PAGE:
One of the highlights of the Show every year is the New Equipment pavilion. This is where rocket scientists meet reality. It’s kinda sad but every year there are dozens of new gadgets, most of them designed to help you with some aspect of your golf swing. A few years back I counted ten inventions that utilized string to help align your putting. String is pretty low tech these days so most of the gizmos now use digital technology. The sad part is that while most of them work, there is no way in the world they’re going to become commercially viable. The inventors and promoters spend their savings and mortgage their homes to place a bet on hitting it big at the PGA Show. Unfortunately, most won’t be back next year.
If it’s Day 2, it must be the Apparel Hall. There’s no comparison between the two Halls. The floor here is covered with white carpet, the booths are bigger, the lights are brighter and the women are dressed like it’s Saturday night. Fashion is the only thing that matters in this Hall.
It’s an explosion of colour and fabrics.
If you don’t have the right kind of badge, it’s also harder to get anyone’s attention here too. In most booths, people are busy writing orders or showing off next year’s collection to eager buyers. In some cases, your badge won’t even get you inside the booth to see what all the excitement is about. (Hey Greg Norman, I just wanted a peek.)
The highlight of the Apparel Hall is the Fashion Stage, where I learned that golf apparel is moving more towards sport fabrics – think stretch, moisture wicking and performance – while the fashion side of the business is combining more off course and business attire with golf styles. I’m not sure that means you’ll see guys on the first tee in yoga pants anytime soon but it’s trending that way.
Watch Out for the Ducks
There’s a tradition at the PGA Show called “drinks at the Peabody”. The massive hotel is just across the road from the Convention center and for the fortunate few who can afford the astronomical room rates, it’s home for the week. For the rest of us, a drink in the enormous Peabody Lobby is as close as we’ll get to calling it home. That probably means several thousand each evening that jam all the available seats in the lounge, standing room at the bars and every bit of floor space including the elevator lobby, the stair well and even some of the potted plants. It’s a circus through and through but you’re bound to meet a lot of old friends and given the close proximity, you’ll make a few new ones too.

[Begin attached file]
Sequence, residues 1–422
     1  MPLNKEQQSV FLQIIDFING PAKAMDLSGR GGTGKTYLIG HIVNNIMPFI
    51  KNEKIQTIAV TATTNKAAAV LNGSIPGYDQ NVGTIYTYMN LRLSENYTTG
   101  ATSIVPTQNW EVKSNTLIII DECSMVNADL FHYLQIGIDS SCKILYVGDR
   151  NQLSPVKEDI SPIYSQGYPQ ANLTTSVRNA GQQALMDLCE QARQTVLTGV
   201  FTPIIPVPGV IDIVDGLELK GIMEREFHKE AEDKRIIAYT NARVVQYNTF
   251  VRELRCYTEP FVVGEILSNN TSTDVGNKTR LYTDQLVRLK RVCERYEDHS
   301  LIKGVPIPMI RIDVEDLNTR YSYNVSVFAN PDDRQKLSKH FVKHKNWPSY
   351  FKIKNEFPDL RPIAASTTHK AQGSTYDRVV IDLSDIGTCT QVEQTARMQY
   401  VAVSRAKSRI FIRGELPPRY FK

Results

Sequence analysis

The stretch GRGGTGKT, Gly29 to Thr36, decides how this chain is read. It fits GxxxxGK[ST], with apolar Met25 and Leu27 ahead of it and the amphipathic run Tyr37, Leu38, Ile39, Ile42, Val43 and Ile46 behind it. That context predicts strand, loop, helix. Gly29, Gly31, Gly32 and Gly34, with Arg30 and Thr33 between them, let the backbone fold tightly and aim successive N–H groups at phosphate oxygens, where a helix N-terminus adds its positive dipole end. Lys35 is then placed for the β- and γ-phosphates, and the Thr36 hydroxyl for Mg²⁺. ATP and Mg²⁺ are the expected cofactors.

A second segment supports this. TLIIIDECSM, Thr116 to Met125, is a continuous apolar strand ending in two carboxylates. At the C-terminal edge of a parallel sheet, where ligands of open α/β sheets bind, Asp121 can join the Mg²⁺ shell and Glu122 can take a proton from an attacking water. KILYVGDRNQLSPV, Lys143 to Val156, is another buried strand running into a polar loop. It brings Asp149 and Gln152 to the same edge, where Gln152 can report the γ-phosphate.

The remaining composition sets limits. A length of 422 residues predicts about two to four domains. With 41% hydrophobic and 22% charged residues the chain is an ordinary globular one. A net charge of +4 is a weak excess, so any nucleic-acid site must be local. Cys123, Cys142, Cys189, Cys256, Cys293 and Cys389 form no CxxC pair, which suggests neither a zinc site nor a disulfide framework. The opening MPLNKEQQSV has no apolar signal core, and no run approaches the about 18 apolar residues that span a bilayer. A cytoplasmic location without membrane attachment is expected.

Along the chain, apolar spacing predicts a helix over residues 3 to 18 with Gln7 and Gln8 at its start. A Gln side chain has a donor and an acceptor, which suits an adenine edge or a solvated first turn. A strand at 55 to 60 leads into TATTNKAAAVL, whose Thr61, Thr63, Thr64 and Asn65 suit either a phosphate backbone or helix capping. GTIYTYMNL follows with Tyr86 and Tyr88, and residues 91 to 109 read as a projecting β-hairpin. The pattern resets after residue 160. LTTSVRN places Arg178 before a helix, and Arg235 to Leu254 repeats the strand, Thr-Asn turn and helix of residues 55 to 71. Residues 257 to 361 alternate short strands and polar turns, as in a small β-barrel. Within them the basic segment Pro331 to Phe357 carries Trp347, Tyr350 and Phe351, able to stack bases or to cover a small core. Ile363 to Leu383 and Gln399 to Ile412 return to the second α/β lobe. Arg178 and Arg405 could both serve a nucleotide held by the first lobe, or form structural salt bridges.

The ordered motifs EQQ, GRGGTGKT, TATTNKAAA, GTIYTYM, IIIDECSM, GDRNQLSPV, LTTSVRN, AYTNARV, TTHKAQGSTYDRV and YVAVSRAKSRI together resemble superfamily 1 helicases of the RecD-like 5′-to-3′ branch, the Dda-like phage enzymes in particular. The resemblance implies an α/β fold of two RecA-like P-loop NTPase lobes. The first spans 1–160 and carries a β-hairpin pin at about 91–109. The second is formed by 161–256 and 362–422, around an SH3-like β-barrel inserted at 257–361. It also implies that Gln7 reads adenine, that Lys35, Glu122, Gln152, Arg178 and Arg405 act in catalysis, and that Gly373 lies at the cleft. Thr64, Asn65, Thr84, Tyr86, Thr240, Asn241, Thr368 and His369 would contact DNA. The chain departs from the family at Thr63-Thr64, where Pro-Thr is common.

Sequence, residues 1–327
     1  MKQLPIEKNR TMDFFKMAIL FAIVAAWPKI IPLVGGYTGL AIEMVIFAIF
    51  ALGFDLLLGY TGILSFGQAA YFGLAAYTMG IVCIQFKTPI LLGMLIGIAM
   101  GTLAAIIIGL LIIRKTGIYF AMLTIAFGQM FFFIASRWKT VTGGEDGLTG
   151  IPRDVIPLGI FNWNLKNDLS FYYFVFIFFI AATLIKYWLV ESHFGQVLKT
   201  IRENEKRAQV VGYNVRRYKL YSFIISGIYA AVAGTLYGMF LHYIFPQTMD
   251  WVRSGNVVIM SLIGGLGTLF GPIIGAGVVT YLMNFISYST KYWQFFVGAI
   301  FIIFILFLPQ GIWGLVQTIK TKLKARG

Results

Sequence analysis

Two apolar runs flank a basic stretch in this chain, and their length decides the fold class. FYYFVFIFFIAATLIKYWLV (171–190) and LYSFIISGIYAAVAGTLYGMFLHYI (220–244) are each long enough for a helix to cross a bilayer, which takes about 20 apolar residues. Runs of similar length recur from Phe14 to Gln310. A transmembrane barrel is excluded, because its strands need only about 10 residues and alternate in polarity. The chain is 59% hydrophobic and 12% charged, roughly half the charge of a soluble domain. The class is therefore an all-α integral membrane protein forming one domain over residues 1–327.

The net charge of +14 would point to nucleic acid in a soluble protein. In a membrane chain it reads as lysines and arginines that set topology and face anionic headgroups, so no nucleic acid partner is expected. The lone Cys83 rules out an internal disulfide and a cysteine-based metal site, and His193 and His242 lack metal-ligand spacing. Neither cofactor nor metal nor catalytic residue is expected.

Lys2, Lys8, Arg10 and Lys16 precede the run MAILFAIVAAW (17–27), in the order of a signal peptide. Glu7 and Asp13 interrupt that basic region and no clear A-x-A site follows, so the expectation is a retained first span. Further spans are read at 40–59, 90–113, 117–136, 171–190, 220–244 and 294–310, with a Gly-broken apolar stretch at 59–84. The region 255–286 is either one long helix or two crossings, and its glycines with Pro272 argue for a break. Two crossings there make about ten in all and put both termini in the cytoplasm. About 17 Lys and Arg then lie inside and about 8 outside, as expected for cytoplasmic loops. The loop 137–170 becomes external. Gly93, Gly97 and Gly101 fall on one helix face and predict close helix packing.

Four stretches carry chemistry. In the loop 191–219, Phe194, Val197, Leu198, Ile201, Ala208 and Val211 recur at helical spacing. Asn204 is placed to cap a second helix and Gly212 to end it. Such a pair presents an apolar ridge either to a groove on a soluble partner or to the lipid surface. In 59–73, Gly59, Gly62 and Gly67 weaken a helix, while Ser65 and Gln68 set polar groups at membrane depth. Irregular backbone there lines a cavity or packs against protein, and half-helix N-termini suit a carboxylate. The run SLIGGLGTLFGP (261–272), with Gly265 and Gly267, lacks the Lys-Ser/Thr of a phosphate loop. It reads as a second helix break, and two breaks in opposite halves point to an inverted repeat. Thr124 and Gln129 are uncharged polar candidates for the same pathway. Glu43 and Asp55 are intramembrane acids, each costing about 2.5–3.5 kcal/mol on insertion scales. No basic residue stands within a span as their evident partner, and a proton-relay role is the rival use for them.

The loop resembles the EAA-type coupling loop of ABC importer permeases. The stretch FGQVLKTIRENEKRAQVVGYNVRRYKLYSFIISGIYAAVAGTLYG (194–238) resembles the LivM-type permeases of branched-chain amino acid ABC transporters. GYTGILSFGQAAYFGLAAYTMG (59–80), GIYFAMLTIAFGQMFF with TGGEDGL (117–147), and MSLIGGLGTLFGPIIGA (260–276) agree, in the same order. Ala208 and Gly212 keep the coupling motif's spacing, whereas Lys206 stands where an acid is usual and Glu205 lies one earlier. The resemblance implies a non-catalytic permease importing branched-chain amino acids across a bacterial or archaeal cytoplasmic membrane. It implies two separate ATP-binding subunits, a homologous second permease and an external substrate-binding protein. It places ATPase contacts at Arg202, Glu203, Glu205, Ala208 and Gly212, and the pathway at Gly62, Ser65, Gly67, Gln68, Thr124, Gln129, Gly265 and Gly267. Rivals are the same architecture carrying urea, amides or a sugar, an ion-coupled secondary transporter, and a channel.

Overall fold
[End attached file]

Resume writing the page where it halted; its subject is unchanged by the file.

One word of caution: there are several ducks that make the lobby fountain their home and they wander in from the exterior ponds at specified times of the day. If occupying a piece of floor anywhere near the main fountain, best to check for evidence of duck before being seated.
The highlight of the Show for many of us is the annual cocktail party and awards presentation sponsored by the PGA of Canada. It takes place on the penultimate evening of the Show in a meeting room downstairs ill-equipped to handle the hordes of Canadians and near-Canadians that descend on it for free beer and a few nibblies. Thanks to sponsors and planners, they’ve almost got this thing figured out. Not like a few years ago when they ran out of beer. Can you imagine a Canadian event without beer?
The highlight of Canada Night this year was the recipient of the George Cumming Distinguished Service award that went to former Montreal Canadien great Serge Savard. Savard regaled everyone with tales of his hockey days including learning to play golf as a rookie defenseman. I think half the room was born after Savard stopped playing but for some of us it brought back a lot of great memories.
Many years ago a friend of mine had this to say about trade shows, “Every trade show goes one day longer than it needs to, including the one day shows”.
Readers who work or attend trade shows will know exactly what he meant. Leave on a high note. Skip that last day. After all, who wants to hang around and see all those inventors come face to face with reality?
Next week, I’ll have my winners and losers from this year’s Show: The Good, The Bad and The Ugly.